Macgregor tried and let out a little yelp.
‘Na, ye canna. Ye’ll jist ha’e to get on ma back.’
‘Wullie, gang yersel’——’
‘Obey yer corporal!’
‘Ye’re no a corp——’
‘If they dinna mak’ me a corporal for this, I’ll quit the service! Onyway, I’m no gaun wi’oot ye. Same time, I canna guarantee no to tak’ ye to the German lines. But we maun risk that. Ye’ll ha’e to leave yer rifle, but keep on the dish-cover till I gi’e ye the word. . . . Noo then! Nae hurry. I’ll ha’e to creep the first part o’ the journey. Are ye ready? Weel, here’s luck to the twa o’ us!’
There is no authentic description of that horrible
Willie’s, which is unprintable.
It was performed literally by inches. More than once Willie collapsed, groaning, under his burden. Macgregor, racked as he was, shed tears for his friend’s sake. Time had no significance except as a measure of suspense and torture. But Willie held on, directed by some instinct, it seemed, over that awful shell-fragment-studded mire, round the verges of shell-formed craters, past dead and wounded waiting for succour—on, on, till the very guns seemed to have grown weary, and the rain ceased, and the air grew chillier as with dread of what the dawn should disclose, and the blackness was diluted to grey.
‘Drap the —— dish-cover,’ croaked Willie, and halted for a minute’s rest.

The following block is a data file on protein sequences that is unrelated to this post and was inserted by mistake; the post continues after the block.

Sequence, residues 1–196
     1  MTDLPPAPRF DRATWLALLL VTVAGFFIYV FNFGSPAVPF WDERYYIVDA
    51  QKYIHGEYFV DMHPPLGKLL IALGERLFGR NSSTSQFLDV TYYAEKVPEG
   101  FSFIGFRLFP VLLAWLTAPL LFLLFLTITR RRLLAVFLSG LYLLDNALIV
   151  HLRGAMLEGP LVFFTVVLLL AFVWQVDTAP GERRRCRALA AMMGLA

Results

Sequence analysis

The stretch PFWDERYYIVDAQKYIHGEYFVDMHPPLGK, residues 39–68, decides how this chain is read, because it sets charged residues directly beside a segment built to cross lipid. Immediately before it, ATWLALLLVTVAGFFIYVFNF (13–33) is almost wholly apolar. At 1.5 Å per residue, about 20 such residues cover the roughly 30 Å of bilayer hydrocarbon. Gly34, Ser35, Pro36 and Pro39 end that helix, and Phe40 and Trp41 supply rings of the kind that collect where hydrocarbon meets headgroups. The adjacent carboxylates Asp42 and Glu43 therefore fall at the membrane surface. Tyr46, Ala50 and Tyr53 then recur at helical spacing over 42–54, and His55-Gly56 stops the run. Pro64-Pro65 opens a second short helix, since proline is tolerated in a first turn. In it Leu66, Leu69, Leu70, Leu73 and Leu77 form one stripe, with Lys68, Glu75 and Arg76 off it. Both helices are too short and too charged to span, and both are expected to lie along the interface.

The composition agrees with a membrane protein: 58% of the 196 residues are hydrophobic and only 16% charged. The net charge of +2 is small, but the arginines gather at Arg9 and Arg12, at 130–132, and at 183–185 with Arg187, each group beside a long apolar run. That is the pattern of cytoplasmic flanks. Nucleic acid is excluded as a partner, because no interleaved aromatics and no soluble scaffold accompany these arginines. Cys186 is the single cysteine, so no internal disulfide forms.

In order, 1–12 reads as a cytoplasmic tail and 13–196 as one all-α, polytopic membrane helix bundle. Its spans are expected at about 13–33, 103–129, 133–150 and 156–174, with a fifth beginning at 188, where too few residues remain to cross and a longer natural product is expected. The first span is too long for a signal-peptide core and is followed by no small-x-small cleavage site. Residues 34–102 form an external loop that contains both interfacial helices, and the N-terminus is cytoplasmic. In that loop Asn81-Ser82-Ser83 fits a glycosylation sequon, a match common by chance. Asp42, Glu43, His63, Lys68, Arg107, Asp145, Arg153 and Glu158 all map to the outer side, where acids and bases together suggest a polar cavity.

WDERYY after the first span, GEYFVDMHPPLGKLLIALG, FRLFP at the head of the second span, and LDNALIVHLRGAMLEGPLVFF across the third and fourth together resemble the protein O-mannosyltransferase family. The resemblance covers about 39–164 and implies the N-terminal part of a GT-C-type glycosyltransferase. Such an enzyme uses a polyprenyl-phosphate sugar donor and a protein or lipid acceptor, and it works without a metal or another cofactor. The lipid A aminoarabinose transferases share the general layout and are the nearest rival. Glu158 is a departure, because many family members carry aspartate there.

Then on again. But at long last Willie muttered: ’I think it’s oor trench. If I’m wrang, fareweel to Argyle Street! I’ll ha’e to risk gi’ein’ them a hail in case some silly blighter lets fly in this rotten licht. Slip doon, Mac—nae hurry—nae use hurtin’ yersel’ for naething. I’ll maybe ha’e to hurt ye in a meenute. . . . N’ for it!’ He lifted up his voice. ’Hullo, Glesca Hielanders!’
It seemed an age until—
‘Right oh!’ came a cheerful response.
‘Hurray!’ yelled Willie, and rose stiffly to his feet.
Then with a final effort, he gave Macgregor the ‘fireman’s lift,’ and staggered and stumbled, amid shots from the other side, into safety.
NO HERO, YET HAPPY
Christina was arranging the counter for the day’s business when the postman brought her a letter in a green envelope with the imprint ‘On Active Service’. Her heart leapt only to falter as her eyes took in the unfamiliar writing. Then under the ‘Certificate’ on the left-hand side she perceived the signature—’W. Thomson.’ Something dreadful must have happened! She sat down and gazed at the envelope, fingering it stupidly. At last she pulled herself together and opened it. The letter was dirty, ill-written, badly spelt; but so are many of the finest-spirited letters of these days.